Jump to content
  • Join Our Community!

    Do you have questions about celiac disease or the gluten-free diet?

luciddream928

Gene Results - Questions Re: Dqb1

Rate this topic

Recommended Posts

You have the trans form of DQ2 (DQ5 and DQ7) see other postings on that and go to wikipedia and read on DQ DR, (and DQ2 and DQ7 and DQ5)

We have not seen any patients reporting on any labs telling them they have this trans for of DQ2. This is neither new, alternative or debatable. (that DQ5 and DQ7 make up DQ2 in trans)

nora

Share this post


Link to post
Share on other sites

Also, if your total IgA is low, or youi have IgA deficiency (about 10% of the normal population have that), the antibody tests at enterolab will be negative. You need a total IgA test from somewhere. Even if it is low within range, the results of the antibody tests may be negative.

In that case you need the ordinary celiac blod tests, ttg and antigliadin, but the IgG versions of these tests.

I think your fat malabsorption test was very very high, sound abnormal to me.

nora

Share this post


Link to post
Share on other sites
You have the trans form of DQ2 (DQ5 and DQ7) see other postings on that and go to wikipedia and read on DQ DR, (and DQ2 and DQ7 and DQ5)

We have not seen any patients reporting on any labs telling them they have this trans for of DQ2. This is neither new, alternative or debatable. (that DQ5 and DQ7 make up DQ2 in trans)

nora

Hi Nora,

Thank you for sharing the info - I'm not sure what it means but I will look up all that you suggested. When you say that you have not seen any patients reporting on labs telling them they have this trans form of DQ2, do you mean on this forum or do you work in a healthcare setting? (You sound professional : ) )

Share this post


Link to post
Share on other sites

I have been reading around on these forums for some time, and the question about DQ5 plus DQ7 has been discussed here several times. Some have had all the symptoms, had DQ5 plus DQ7 and been told they were negative for celiac genes. So, when you look it up, it si most likey the trans form of DQ2 8depending on wether one has the 05* thing in the alpha chain, but this is the most common thing to have with these genes)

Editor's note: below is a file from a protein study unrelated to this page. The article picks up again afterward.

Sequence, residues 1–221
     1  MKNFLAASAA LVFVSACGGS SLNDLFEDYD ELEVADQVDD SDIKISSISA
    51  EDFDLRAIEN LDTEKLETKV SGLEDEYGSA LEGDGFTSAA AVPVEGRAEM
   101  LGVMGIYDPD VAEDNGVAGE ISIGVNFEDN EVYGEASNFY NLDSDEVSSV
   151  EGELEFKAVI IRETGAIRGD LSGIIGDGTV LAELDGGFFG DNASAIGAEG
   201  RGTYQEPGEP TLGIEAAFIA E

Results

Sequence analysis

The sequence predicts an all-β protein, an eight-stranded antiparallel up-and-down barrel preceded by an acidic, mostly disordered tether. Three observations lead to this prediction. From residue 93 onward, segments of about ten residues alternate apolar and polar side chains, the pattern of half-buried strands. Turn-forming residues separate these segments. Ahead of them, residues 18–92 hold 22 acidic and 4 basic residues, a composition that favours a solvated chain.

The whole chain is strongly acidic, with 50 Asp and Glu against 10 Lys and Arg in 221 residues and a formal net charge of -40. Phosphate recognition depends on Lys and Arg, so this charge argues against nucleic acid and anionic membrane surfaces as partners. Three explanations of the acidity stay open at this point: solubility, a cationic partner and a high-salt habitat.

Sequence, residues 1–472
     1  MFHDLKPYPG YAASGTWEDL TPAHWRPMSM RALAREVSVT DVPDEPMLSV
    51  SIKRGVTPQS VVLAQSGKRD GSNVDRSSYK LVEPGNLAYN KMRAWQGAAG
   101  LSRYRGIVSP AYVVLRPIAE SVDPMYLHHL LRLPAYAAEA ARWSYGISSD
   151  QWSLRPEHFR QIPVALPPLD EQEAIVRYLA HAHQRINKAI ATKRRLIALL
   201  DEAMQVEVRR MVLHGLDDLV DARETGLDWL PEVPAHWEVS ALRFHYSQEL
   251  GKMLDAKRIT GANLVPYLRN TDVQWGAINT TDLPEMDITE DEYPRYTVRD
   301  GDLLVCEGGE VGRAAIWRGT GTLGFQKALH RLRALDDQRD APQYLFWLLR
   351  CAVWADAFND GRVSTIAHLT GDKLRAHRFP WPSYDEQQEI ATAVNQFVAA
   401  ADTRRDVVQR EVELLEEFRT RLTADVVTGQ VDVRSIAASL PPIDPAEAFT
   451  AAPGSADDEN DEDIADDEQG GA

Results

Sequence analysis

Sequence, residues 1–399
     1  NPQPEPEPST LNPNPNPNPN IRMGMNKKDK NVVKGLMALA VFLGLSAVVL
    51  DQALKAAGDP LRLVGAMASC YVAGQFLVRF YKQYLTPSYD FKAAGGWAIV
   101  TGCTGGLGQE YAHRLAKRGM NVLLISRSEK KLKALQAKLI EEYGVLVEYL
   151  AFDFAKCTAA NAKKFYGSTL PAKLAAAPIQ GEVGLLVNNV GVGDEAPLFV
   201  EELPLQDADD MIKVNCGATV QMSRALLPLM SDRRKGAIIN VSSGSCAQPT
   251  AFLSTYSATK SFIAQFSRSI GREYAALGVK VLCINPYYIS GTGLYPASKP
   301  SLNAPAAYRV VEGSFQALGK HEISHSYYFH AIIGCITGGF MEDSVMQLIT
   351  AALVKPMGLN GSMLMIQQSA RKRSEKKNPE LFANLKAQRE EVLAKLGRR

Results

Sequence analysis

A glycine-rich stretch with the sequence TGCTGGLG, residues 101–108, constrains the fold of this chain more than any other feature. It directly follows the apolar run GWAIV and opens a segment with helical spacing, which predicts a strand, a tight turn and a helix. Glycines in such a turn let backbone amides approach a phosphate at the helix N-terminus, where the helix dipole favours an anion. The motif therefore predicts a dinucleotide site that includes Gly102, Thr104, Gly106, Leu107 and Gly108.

I am just researching this thing, as they told me I was negative for DQ2 and 8. So if they do not tell patients they have DQ2 when they have DQ2 but the trans form, I wonder.....and DQ8 can be mistyped since the test methods do not pick it up very well.

(my daughter is diagnosed celiac, so I think there are good chances that I am either mistyped, or DQ1 which sometimes are very sensitive to gluten, and they have then antigliadin antibodies in the brain)

nora

Share this post


Link to post
Share on other sites

There are several variations of each gene. You are DQ7 and DQ5. The numbers 0301 and and 0502 tell you the variations. There is a chart on wikipedia with the major variations listed. So you are DQ7(that is 0301) and DQ5(that is the 0502).

DQ7 can cause celiac or gluten intolerance on it's own but very rarely.

Have you had any blood work done? A total IGA test would tell you your IGA levels. If they are low then enterolab can not be accurate. Most celiac blood tests do test for total IGA levels.

good luck

Share this post


Link to post
Share on other sites

Hello.

My daughter and I both have the same genes as you (Enterolab: Serologic equivalent DQ 1,3) We ALSO carry the more rare Celiac gene on the alpha chain. We found that out through Kimball Genetics. We are both very symptomatic and have been diagnosed as Celiac.

I agree with Nora, have your ability to produce IgA antibodies checked because some can't produce enough, so your IgA scores could be falsely low.

I'm new at this too. We were diagnosed in August, but I'd be happy to answer any questions you have if I can. I've done a lot of research on this. There's so much to learn, huh?

Best,

Sonya

Share this post


Link to post
Share on other sites
Hello.

My daughter and I both have the same genes as you (Enterolab: Serologic equivalent DQ 1,3) We ALSO carry the more rare Celiac gene on the alpha chain. We found that out through Kimball Genetics. We are both very symptomatic and have been diagnosed as Celiac.

I agree with Nora, have your ability to produce IgA antibodies checked because some can't produce enough, so your IgA scores could be falsely low.

I'm new at this too. We were diagnosed in August, but I'd be happy to answer any questions you have if I can. I've done a lot of research on this. There's so much to learn, huh?

Best,

Sonya

Hi Sonya. Yes it is overwhelming. In fact, I came home from work after 2 days of not feeling all that great, and realized I ate fries the other day and after some research I found they are not gluten free as I thought. On my way home I just burst into tears. I'm going home for the holidays, and I see my family once a year. We are Italian and the whole culture revolves around food. I never realized how much it means to feel a part of things with family and eating, but it's so true. It's so upsetting to not be able to share the same things and eat the traditional food anymore.